Arabic: … لا أعرف

Wow, it seems like a lifetime ago since I left Azeri! I blame my gap in the blog to a long weekend of moving, packing and unpacking and exhaustion.

But alas, we now reach Arabic. As you probably know, Arabic is one of the world’s most widely spoken languages, used throughout the Middle East and North Africa and as a liturgical language for all followers of Islam, who make up roughly 1 billion.

I bet you didn’t know Arabic is part of the Semitic family of languages, like Hebrew, Aramaic (a dead language that Jesus spoke), Amharic (mostly spoken in Ethiopia), Maltese and many other languages that are now dead. I also bet you didn’t know that there there are actually three forms of Arabic: Classical (Qu’ranic) Arabic, Modern Standard Arabic and Colloquial Arabic, all differing radically? Classical Arabic is mostly used to recite the Qu’ran and has a lot of older words, while MSA is used for print and news programs. Colloquial Arabic appears to be a much more informal version of MSA, but varies according to region.

HISTORY: Long story short, Arabic’s history is tied directly to the rise of Islam, which occurred during the 7th century, after the Advent of Islam. Before that, Arabic was merely a language spoken by relatively few people. Sabaic, another closely related language that was spoken mostly in Yemen, mixed with Arabic before the spread of Islam. The actual discovery of the early form of Arabic, Mudari Arabic, can be traced to the finding of an epitaph in Damascus in 1902 by two French Archeologists, R. Dussaud and F. Macler. The epitaph, which traces events back to the 4th century, is written in Aramaic, but its form was extremely similar to Classical Arabic. By the mid-18th century, there was a movable type Arabic printing press, which is credited to monks living in Mount Lebanon who made books.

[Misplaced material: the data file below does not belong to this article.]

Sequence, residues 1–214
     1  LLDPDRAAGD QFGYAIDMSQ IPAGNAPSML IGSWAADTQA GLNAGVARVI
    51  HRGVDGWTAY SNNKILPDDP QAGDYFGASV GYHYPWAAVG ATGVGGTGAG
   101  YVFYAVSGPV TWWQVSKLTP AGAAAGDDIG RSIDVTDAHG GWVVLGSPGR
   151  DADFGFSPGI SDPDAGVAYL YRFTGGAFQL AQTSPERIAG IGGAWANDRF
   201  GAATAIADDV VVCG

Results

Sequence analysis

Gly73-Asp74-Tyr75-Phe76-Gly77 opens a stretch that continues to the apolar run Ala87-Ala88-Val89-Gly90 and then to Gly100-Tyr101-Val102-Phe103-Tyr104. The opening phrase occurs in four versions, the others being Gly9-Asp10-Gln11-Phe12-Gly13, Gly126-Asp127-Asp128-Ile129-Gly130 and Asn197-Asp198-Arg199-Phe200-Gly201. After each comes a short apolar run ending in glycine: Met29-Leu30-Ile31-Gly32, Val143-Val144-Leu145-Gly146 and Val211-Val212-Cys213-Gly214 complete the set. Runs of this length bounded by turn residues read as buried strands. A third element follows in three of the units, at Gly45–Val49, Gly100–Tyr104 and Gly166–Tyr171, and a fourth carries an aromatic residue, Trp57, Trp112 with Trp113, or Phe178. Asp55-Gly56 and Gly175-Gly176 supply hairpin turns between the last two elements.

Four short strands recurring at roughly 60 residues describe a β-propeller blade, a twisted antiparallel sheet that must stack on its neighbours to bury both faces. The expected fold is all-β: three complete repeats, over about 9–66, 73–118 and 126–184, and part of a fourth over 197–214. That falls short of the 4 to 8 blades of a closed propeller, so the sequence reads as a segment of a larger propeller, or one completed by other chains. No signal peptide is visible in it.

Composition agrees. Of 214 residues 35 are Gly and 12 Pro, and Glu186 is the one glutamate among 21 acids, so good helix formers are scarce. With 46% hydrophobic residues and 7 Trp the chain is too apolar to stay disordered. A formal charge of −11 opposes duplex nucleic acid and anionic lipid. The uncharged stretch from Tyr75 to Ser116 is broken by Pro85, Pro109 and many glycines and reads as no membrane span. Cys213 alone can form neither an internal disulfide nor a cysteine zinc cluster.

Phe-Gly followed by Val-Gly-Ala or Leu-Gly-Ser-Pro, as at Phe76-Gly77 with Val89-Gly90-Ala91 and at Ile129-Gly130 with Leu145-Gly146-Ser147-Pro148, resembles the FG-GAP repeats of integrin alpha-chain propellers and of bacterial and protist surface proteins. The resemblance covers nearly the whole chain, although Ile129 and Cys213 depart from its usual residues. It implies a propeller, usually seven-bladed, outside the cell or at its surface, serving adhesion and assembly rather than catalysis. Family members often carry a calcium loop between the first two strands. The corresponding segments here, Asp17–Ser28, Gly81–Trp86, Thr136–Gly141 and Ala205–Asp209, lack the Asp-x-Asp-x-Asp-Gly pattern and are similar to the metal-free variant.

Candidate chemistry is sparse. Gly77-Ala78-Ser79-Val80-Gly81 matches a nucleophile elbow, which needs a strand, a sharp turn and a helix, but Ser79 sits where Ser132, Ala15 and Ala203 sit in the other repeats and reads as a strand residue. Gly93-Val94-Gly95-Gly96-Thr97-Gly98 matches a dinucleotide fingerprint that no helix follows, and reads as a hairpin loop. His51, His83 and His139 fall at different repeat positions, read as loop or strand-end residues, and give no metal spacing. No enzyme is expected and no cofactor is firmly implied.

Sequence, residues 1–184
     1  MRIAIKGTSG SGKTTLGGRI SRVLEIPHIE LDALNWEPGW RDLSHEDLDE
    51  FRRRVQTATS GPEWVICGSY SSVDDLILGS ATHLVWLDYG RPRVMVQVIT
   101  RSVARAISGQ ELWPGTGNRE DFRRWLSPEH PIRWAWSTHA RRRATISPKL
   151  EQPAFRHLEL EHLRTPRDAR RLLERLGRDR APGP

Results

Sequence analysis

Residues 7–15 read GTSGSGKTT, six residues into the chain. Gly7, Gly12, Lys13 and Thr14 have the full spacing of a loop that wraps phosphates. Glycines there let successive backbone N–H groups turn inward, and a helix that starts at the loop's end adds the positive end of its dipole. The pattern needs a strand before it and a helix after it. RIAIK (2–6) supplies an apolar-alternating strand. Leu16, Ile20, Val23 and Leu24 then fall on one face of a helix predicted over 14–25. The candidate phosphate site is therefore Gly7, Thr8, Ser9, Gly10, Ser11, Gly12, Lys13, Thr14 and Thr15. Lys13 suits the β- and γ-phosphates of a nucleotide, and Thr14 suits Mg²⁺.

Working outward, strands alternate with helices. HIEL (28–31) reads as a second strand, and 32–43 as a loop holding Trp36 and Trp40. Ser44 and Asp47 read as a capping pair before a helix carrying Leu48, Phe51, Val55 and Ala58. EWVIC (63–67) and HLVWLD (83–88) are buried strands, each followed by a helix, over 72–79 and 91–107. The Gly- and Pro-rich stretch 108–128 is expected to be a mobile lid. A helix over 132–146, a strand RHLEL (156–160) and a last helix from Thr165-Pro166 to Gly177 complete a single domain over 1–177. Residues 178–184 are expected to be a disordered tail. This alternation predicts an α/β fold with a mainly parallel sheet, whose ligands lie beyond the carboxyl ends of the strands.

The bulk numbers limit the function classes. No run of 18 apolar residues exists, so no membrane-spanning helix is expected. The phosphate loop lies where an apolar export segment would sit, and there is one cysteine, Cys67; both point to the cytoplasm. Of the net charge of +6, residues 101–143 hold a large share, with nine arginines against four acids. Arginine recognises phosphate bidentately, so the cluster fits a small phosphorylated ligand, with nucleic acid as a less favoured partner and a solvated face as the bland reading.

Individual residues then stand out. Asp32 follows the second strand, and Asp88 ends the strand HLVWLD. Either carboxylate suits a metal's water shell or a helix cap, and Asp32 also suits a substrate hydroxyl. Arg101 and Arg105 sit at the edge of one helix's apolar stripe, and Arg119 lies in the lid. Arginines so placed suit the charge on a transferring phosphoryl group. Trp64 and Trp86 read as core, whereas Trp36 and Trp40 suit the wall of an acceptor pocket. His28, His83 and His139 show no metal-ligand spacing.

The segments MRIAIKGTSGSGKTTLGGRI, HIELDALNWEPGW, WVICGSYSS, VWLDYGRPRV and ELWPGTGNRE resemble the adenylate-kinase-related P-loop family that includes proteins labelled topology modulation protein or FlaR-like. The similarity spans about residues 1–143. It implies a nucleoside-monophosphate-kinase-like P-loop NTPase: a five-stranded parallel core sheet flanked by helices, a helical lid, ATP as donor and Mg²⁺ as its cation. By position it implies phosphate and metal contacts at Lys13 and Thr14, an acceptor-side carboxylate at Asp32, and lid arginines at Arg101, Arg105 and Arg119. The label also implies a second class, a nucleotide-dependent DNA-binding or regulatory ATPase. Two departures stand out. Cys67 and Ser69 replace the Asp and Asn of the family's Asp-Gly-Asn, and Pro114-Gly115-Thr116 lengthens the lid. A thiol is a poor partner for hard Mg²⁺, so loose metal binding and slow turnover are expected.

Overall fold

WRITING SYSTEM: Arabic is read right to left. The alphabet is made up of 28 consonants and three vowels, although the vowels are mostly written in Classical Arabic or for primary usage. In Modern Standard Arabic, diacritics are used for the vowels. A line above the consonant represents an “a” sound, a line below signifies an “e” and a comma-like symbol above represents an “o” sound.

Because the letters are connected, there are four forms of each letter: initial, medial, final and isolated. The forms of each appear respectively as provided by Wikipedia:

a: أ, ـأ, ـأ, أ‎ – a as in father
b: بـ‎, ـبـ‎, ـب, ﺏ – b as in boy
t: تـ‎, ـتـ, ـت, ﺕ – t as in tarp
th: ثـ, ـثـ, ث, ﺙ – th as in width
g: ج, جـ, جـ, ﺝ – g as in go; also j as in jungle
h: حـ, حـ, ح, ﺡ – a coughing “huh” sound
kh: خـ, خـ, خ, ﺥ – ch as in loch
d: د, ـد, ـد, ﺩ – d as in do
dh: ذ, ـذ, ـذ, ﺫ – the as in th
r: ر, ـر, ـر, ﺭ‎ – r as in rum, but a little rolled/trilled
z: ز, ـز, ـز, ﺯ – z as in zebra
s: سـ, ـسـ‎, ـس, ﺱ – s as in saw
sh: شـ‎, ـشـ, ـش, ﺵ – sh as in she
special s: صـ, ـصـ, ـص, ﺹ – no similarities in English; like cz as in czar
special d: ضـ‎, ـضـ, ـض, ﺽ – no similarities in English; constrict throat while saying “d”
special t: طـ, ـطـ, ـط, ﻁ – no similarities in English; constrict throat while saying \”t\”
special z: ظـ, ـظـ, ـظ, ﻅ – no similarities in English; constrict throat while saying “z”
*: عـ, ـعـ, ـع, ﻉ – a light sound deep in the throat
gh: غـ, ـغـ, ـغ, ﻍ – no similarities in English; like ch in loch but voiced
f: فـ, ـفـ, ـف, ف – f as in fine
q: قـ, ـقـ, ـق, ﻕ – q as in quick
k: كـ, ـكـ, ـك, ﻙ‎ – k as in kite